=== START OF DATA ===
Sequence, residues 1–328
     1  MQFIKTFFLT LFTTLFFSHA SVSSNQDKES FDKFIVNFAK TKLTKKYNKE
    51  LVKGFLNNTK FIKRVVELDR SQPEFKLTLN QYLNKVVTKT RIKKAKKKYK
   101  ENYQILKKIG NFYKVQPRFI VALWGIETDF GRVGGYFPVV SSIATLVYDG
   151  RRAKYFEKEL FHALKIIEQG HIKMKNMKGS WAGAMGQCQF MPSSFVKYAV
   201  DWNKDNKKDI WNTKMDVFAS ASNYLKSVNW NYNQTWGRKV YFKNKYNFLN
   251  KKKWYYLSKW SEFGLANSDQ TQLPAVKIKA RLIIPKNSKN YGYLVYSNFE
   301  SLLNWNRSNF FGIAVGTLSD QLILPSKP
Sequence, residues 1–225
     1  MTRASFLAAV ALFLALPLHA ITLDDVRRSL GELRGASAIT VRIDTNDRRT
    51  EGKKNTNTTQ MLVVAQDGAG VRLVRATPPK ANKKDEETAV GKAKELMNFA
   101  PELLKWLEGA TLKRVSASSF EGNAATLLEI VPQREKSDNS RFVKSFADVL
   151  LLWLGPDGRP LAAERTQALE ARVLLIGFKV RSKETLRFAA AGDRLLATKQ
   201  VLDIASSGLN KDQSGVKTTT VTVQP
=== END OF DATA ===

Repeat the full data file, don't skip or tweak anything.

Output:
Sequence, residues 1–328
     1  MQFIKTFFLT LFTTLFFSHA SVSSNQDKES FDKFIVNFAK TKLTKKYNKE
    51  LVKGFLNNTK FIKRVVELDR SQPEFKLTLN QYLNKVVTKT RIKKAKKKYK
   101  ENYQILKKIG NFYKVQPRFI VALWGIETDF GRVGGYFPVV SSIATLVYDG
   151  RRAKYFEKEL FHALKIIEQG HIKMKNMKGS WAGAMGQCQF MPSSFVKYAV
   201  DWNKDNKKDI WNTKMDVFAS ASNYLKSVNW NYNQTWGRKV YFKNKYNFLN
   251  KKKWYYLSKW SEFGLANSDQ TQLPAVKIKA RLIIPKNSKN YGYLVYSNFE
   301  SLLNWNRSNF FGIAVGTLSD QLILPSKP
Sequence, residues 1–225
     1  MTRASFLAAV ALFLALPLHA ITLDDVRRSL GELRGASAIT VRIDTNDRRT
    51  EGKKNTNTTQ MLVVAQDGAG VRLVRATPPK ANKKDEETAV GKAKELMNFA
   101  PELLKWLEGA TLKRVSASSF EGNAATLLEI VPQREKSDNS RFVKSFADVL
   151  LLWLGPDGRP LAAERTQALE ARVLLIGFKV RSKETLRFAA AGDRLLATKQ
   201  VLDIASSGLN KDQSGVKTTT VTVQP